A CVT and 152 horsepower is a recipe for inducing yawns

This past week has seen Subaru’s all-new 2018 Crosstrek in my driveway. It’s the high-riding Impreza with more ground clearance than a Jeep Grand Cherokee (though only by 0.1 inches) and a Boxer engine under the hood. Now in its second generation, the 2018 Crosstrek rides on Subaru’s new Global Platform and is powered by a 2.0-liter naturally aspirated flat four-cylinder claimed to be 80 percent new. A new six-speed manual gearbox replaces the old five-speed and a Continuously Variable Transmission returns as the option. Both outside and in, the 2018 Crosstrek is highly improved and impressively capable at being a better crossover than most crossovers on the market. But as it turns out, the Crosstrek isn’t that fun to drive.

It shouldn’t come as a surprise when realizing the 2.0-liter Boxer only muster 152 horsepower at 6,000 rpm and 145 pound-feet of torque at 4,000 rpm. Despite the Crosstrek’s meager 3,300-pound curb weight, the naturally aspirated engine wheezes its way through the CVT’s seven artificial ratios. Despite being mostly new and now having direct fuel injection, the little flat-four is simply underpowered. The lack of power is exacerbated by the CVT’s smooth, long, boring “shifts” that prioritize fuel economy over all else. I desperately want to try the six-speed manual, but even that can’t rectify the missing horsepower.

What the Crosstrek needs is the WRX’s 2.0-liter turbocharged four-cylinder. It’s good for 268 horsepower and 258 pound-feet of torque. Pair that with the WRX’s sweet six-speed manual gearbox, and you’d have a Crosstrek that’s ready for a WRC Rally. Subaru could brand it the Crosstrek STi and boom – an instant halo car. While the extra power wouldn’t help with fuel economy, the added “cool” factor would bring more people to the Crosstrek lineup, even if they weren’t buying the STi version. Halo models are proven to improve sales in lesser models.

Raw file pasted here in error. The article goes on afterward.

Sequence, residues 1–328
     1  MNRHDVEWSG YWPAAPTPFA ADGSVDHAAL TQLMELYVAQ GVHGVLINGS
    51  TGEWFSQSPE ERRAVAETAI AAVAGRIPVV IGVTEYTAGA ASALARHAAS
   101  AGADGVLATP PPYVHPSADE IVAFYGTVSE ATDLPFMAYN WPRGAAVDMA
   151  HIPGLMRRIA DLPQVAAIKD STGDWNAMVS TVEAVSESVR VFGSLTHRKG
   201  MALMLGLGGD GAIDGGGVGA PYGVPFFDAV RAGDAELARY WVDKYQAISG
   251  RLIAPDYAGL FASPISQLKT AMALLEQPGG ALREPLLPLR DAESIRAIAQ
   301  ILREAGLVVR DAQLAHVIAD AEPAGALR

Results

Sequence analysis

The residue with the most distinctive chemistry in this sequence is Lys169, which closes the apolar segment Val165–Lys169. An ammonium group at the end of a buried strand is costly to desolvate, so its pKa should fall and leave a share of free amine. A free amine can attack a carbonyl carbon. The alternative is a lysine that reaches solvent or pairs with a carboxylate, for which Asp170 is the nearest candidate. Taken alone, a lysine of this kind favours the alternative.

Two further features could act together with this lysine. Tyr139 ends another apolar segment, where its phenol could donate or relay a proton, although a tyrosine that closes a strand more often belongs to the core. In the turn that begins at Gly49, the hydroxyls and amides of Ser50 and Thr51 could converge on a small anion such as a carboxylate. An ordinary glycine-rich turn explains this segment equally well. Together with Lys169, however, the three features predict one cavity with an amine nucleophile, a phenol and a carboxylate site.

Admittedly, the Crosstrek and its lackadaisical CVT really appealed to my wife. “I love the way it shifts,” she exclaimed the first time she rode in it. “You can’t feel it at all, and I really like that.” While she might be the Crosstrek’s target audience, it’s hard to ignore the missing performance version Subaru should deliver. Combine that power with its well-appointed and comfy interior with its vastly improved infotainment system, 55.3-cubic feet of cargo room, and extra inch of rear-seat legroom afforded by the new Global Platform, and Subaru would surely have a hit.

I truly admire the 2018 Crosstrek and have very few complaints beyond its powertrain, but boy, the potential this vehicle has is astounding. As for its driving experience and other notable features, I’ll have more on that in the coming days here on TopSpeed.

References

Subaru Crosstrek

2018 Subaru XV Crosstrek High Resolution Exterior
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Read our full review on the 2018 Subaru Crosstrek.

2018 Subaru WRX High Resolution Exterior
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Read more Subaru news.

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